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150-year-old platypus and echidna specimens discovered which prove some mammals lay eggs



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Jars of tiny platypus and echidna specimens, collected in the late 1800s by the scientist William Caldwell, have been discovered in the stores of Cambridge’s University Museum of Zoology.

Newly discovered echidna speciman at Cambridge University's Museum of Zoology. Picture: Jacqueline Garget
Newly discovered echidna speciman at Cambridge University's Museum of Zoology. Picture: Jacqueline Garget

At the time of their collection, these specimens were key to proving that some mammals lay eggs – a fact that changed the course of scientific thinking and supported the theory of evolution.

The collection had not been catalogued by the museum meaning that until recently staff had been unaware of its existence. The find was made when Jack Ashby, assistant director at the museum, was doing research for a new book on Australian mammals.

Jack Ashby holding a specimen jar. Picture: Jacqueline Garget
Jack Ashby holding a specimen jar. Picture: Jacqueline Garget
A younger Jack Ashby observes wild echidna in Ausytalia. Picture: Toby Nowlan
A younger Jack Ashby observes wild echidna in Ausytalia. Picture: Toby Nowlan

He said: “It’s one thing to read the 19th century announcements that platypuses and echidnas actually lay eggs. But to have the physical specimens here, tying us back to that discovery almost 150 years ago, is pretty amazing.

“I knew from experience that there isn’t a natural history collection on Earth that actually has a comprehensive catalogue of everything in it, and I suspected that Caldwell’s specimens really ought to be here.”

That proved to be the case as three months after Ashby asked collections manager Mathew Lowe to keep an eye out, a small box of specimens was found in the museum with a note suggesting they were Caldwell’s. Ashby’s investigations confirmed this.

Echidna eggs and a young pouch. Picture: University of Cambridge
Echidna eggs and a young pouch. Picture: University of Cambridge
Echidna foraging in the wild. Picture: Jack Ashby
Echidna foraging in the wild. Picture: Jack Ashby

Until Europeans first encountered platypuses and echidnas in the 1790s, it had been assumed that all mammals give birth to live young. Jack said: “In the 19th century, many conservative scientists didn’t want to believe that an egg-laying mammal could exist, because this would support the theory of evolution – the idea that one animal group was capable of changing into another.”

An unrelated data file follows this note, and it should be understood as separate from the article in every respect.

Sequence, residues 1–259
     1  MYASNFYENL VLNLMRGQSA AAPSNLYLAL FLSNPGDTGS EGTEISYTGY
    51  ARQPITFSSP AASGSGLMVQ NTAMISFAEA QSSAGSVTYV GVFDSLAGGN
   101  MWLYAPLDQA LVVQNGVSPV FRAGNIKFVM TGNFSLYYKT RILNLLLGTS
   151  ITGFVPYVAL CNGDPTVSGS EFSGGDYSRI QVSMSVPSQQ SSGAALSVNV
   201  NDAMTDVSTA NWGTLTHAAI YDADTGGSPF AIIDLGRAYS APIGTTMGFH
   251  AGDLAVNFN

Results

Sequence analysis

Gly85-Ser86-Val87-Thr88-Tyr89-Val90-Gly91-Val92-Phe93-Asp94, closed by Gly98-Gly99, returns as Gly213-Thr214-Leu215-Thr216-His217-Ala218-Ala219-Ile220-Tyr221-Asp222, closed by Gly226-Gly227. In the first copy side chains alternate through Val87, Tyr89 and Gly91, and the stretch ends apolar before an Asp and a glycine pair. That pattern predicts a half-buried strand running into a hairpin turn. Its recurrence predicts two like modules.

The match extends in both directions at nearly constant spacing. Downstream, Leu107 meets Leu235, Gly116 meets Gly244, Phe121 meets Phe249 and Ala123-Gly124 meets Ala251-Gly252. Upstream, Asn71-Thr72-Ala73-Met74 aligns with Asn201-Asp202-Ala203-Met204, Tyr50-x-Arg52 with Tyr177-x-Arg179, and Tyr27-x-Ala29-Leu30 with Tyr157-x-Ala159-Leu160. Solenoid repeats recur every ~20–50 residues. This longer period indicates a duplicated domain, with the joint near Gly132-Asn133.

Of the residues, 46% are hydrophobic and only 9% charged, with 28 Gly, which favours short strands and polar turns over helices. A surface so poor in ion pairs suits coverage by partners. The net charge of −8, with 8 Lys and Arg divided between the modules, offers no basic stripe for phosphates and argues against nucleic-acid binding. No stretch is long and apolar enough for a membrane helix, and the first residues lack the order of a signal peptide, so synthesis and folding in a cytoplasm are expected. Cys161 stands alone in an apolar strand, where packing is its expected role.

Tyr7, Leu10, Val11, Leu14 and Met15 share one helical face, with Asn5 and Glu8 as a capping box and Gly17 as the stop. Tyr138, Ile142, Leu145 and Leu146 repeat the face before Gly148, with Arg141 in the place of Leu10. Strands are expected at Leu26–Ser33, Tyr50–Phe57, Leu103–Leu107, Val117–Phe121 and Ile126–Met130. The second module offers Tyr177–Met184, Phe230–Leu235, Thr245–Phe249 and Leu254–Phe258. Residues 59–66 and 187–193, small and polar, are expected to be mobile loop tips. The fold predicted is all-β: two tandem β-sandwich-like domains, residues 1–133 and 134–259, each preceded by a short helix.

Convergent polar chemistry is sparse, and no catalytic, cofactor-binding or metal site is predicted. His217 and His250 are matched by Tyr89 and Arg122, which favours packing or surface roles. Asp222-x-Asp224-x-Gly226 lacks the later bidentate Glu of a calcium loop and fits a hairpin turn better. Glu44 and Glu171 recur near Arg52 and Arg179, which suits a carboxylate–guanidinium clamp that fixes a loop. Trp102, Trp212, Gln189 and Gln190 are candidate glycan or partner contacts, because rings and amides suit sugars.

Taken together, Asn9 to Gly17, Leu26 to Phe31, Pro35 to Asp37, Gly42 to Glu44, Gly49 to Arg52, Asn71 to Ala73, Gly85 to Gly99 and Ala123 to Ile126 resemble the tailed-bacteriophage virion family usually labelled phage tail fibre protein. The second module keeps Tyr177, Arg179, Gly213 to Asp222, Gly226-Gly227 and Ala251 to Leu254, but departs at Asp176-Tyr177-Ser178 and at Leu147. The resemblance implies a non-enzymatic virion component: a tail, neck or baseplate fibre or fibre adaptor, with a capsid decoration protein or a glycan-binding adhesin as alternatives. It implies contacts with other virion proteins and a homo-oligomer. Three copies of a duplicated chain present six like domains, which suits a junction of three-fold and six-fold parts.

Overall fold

He added: “Lizards and frogs lay eggs, so the idea of a mammal laying eggs was dismissed by many people – I think they felt it was degrading to be related to animals that they considered ‘lower life forms.’”

The newly discovered collection includes echidnas, platypuses and marsupials at varying life stages from fertilised egg to adolescence. Caldwell was the first to make complete collections of every life stage of these species – although not all of the specimens have been found in the museum.

Newly discovered echidna speciman at Cambridge University's Museum of Zoology. Picture: Jacqueline Garget
Newly discovered echidna speciman at Cambridge University's Museum of Zoology. Picture: Jacqueline Garget
A freeze-dried specimen of a platypus. Picture: University of Cambridge
A freeze-dried specimen of a platypus. Picture: University of Cambridge

Ashby notes that over the last two centuries, scientists have consistently belittled Australian mammals by describing them as strange and inferior. He believes that this language continues to affect how we describe them today, and undermines efforts to conserve them.

He said: “Platypuses and echidnas are not weird, primitive animals - as many historic accounts depict them - they are as evolved as anything else. It’s just that they’ve never stopped laying eggs. I think they’re absolutely amazing and definitely worth valuing.”

Visit museum.zoo.cam.ac.uk.

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